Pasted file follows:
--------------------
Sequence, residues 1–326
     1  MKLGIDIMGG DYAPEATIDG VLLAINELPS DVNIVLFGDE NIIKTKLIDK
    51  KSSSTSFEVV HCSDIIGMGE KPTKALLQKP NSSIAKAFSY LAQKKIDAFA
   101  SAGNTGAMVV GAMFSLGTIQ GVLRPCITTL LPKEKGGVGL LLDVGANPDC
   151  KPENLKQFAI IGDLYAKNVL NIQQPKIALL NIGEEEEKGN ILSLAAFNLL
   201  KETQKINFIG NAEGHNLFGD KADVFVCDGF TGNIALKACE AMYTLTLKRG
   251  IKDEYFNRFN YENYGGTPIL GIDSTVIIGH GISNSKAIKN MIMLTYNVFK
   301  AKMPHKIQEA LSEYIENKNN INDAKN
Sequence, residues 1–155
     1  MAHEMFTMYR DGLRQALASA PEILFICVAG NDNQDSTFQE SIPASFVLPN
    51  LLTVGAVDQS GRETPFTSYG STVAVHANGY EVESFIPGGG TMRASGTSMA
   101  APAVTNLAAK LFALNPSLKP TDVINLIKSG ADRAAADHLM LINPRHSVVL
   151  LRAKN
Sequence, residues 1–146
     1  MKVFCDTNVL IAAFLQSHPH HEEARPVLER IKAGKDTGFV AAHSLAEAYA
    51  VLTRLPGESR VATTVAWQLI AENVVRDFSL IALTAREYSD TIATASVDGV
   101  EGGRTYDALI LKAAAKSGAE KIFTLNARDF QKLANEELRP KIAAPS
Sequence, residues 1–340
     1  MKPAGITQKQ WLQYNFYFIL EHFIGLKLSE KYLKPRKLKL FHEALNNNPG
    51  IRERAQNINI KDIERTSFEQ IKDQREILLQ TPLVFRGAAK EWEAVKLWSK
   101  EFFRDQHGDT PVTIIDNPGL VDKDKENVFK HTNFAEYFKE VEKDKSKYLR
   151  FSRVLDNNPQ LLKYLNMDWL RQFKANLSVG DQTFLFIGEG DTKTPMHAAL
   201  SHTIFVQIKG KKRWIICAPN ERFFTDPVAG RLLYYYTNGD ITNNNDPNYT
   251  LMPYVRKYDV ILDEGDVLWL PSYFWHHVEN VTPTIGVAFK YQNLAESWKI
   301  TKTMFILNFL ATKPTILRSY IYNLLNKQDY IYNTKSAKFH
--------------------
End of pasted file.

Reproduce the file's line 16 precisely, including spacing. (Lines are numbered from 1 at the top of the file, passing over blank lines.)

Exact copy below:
    51  VLTRLPGESR VATTVAWQLI AENVVRDFSL IALTAREYSD TIATASVDGV